Japanese commuters go green with community gardens

| April 15, 2014

How about breaking up your commute to work with a bit of gardening? That’s what’s being offered to commuters in Japan. Rooftop community gardens are popping up all over the country on top of rail stations. That location is no accident: the idea is that exhausted commuters can take a few minutes to decompress between train connections by growing fresh food.

In a culture “famous for working hard and making long hours,” this commuter gardening initiative provides a relaxing — and green — break.

community gardens

There is now a commuter garden atop Tokyo’s JR Ebisu station. From Andrew K. Smith.

The initiative is called Soradofarm. There are currently five Soradofarms farms in operation, the largest of which is on top of the JR Ebisu station in Tokyo. It’s a joint initiative of the train company, JR East trains, and “station entertainment company” Ekipara.

Here’s how it works: for an annual fee (just under $1,000 per year in the JR Ebisu garden), anyone can rent a three-square meter plot. The fee includes gardening supplies.

While the fee certainly makes for a relatively expensive way to spend a few minutes between trains, it must be pointed out that green space is at a premium in skyscraper-laden Tokyo. For many residents, the rail station gardens provide the only gardening opportunity available to them. And, of course, it’s still cheaper than spending your down time purchasing a $5 latte every business day — plus, you get to keep the fresh produce you grow.

Could the idea of commuter gardens catch on in the U.S.? “The green-roof movement has slowly been gaining momentum in recent years,” according to NPR. Rooftop gardens offer more than a relaxing break and fresh produce. When done correctly, they can reduce energy costs for the building as well as clean the surrounding air.

Whether or not a garden will end up on top of Grand Central Station remains to be seen. Rooftop gardens aren’t without obstacles. To name a few: there are permitting issues, there’s the need to make the rough sufficiently structurally sound to support the weight of gardeners and admirers, there are the logistics of transporting soil and water to the rough, and there’s the liability of having people on a rooftop.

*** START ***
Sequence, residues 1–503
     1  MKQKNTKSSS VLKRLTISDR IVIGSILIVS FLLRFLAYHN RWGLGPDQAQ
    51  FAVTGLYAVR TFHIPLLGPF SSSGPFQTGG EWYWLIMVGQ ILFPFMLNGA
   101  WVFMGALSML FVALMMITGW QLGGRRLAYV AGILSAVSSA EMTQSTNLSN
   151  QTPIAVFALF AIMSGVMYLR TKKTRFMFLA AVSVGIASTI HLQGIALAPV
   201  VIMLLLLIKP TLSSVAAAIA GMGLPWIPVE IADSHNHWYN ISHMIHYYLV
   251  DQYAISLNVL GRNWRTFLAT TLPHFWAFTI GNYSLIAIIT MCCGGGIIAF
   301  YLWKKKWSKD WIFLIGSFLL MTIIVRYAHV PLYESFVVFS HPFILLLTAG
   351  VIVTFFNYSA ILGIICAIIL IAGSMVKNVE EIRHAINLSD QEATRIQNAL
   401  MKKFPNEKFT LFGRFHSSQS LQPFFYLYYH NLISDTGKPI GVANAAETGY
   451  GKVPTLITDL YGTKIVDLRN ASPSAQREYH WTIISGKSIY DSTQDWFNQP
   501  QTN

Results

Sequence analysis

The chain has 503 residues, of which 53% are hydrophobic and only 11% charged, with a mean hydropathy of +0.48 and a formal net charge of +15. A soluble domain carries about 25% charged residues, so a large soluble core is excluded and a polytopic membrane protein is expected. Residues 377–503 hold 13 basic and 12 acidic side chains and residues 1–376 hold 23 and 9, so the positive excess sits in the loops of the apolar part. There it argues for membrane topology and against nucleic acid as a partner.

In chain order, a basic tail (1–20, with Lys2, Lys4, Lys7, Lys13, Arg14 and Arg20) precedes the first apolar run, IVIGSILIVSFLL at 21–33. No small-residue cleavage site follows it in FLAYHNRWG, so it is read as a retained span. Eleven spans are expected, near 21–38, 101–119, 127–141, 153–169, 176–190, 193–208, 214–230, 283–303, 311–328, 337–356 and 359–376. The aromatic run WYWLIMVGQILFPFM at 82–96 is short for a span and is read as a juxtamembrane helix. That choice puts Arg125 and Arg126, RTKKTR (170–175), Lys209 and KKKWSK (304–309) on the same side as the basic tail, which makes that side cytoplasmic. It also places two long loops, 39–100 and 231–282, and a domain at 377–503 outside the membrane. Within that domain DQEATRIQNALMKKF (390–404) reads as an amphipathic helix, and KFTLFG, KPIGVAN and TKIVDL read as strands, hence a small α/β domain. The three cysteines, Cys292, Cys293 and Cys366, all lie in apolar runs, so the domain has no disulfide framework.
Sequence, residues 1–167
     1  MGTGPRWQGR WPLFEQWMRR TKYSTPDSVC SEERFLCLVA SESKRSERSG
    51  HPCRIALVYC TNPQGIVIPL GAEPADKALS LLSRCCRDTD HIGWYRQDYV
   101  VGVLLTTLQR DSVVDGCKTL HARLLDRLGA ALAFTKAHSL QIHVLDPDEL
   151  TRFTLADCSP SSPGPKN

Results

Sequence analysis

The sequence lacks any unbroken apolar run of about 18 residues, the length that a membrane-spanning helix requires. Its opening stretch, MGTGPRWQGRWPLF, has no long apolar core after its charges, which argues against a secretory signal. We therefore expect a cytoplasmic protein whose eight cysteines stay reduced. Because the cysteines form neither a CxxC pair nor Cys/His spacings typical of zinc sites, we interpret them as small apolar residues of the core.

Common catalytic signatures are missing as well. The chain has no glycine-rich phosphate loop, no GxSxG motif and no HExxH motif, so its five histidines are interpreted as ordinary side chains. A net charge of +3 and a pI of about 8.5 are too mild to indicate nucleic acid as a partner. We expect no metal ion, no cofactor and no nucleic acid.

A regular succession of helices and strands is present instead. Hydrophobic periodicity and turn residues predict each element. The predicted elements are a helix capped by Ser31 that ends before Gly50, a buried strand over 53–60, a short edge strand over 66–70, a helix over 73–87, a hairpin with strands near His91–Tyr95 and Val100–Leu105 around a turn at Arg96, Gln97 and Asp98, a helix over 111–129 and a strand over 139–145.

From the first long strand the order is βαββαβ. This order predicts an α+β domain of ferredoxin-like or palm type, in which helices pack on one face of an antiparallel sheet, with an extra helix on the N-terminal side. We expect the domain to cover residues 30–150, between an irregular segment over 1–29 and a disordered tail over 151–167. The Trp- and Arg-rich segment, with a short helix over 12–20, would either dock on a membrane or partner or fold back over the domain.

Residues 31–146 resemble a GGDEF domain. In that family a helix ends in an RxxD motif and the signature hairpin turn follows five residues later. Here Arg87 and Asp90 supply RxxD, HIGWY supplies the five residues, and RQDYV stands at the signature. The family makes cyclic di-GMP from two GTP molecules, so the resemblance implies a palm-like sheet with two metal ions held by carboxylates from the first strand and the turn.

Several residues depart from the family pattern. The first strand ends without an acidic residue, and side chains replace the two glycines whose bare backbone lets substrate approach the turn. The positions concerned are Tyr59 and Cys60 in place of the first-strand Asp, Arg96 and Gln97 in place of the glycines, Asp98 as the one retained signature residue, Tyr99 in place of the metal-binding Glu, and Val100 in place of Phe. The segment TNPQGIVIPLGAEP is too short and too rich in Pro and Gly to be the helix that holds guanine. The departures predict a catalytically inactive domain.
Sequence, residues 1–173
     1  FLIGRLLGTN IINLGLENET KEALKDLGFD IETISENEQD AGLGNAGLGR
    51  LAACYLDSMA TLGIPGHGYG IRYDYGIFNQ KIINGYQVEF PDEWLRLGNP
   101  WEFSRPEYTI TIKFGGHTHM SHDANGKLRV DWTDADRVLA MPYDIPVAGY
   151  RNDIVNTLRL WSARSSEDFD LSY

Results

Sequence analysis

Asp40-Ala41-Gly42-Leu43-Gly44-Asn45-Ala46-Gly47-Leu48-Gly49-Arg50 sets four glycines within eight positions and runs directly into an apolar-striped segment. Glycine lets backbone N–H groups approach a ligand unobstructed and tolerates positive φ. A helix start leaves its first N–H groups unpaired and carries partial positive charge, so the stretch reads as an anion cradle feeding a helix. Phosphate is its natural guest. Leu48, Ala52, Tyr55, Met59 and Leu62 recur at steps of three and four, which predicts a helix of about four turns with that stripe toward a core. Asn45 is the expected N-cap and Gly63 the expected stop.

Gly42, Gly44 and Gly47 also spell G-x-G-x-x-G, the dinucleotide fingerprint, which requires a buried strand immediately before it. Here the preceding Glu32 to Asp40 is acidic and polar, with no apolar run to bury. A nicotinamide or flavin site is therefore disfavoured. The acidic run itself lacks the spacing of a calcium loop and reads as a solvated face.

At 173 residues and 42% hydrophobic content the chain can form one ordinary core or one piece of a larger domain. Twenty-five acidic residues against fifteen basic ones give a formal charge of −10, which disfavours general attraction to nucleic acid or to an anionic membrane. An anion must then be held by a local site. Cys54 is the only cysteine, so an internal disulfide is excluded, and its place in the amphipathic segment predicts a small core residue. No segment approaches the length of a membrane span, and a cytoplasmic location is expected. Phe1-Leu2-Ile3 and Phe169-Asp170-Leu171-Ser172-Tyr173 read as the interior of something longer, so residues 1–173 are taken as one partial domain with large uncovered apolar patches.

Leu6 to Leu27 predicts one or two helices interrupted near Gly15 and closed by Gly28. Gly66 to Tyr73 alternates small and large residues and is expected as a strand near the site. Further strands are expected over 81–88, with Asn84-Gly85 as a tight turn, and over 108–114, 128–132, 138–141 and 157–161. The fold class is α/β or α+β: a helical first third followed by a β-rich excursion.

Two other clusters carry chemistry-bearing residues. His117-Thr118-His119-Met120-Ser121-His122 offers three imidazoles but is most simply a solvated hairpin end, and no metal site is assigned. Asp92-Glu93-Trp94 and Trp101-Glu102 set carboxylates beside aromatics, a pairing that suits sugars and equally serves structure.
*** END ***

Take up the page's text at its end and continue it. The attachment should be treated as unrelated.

It’s also expensive — but the Japanese model of having people rent space could offset some of those costs (as could the reduced energy bills).

The Japanese Soradofarm project’s intention is twofold: 1) to encourage local cultivation of food, and 2) to “help rushed passengers relax by connecting with nature.” It’s hard to quantify the therapeutic benefits of spending a few minutes picking tomatoes at the end of a grueling workday, but it’s clearly appealing to many. After all, it would have to be pretty enticing in order to convince people to shell out money for the privilege of getting fertilizer on their business suits.

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Category: Food

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Ellen Hunter Gans has been writing for RecycleReminders since the blog’s inception. She is passionate about words, new media and, of course, recycling.

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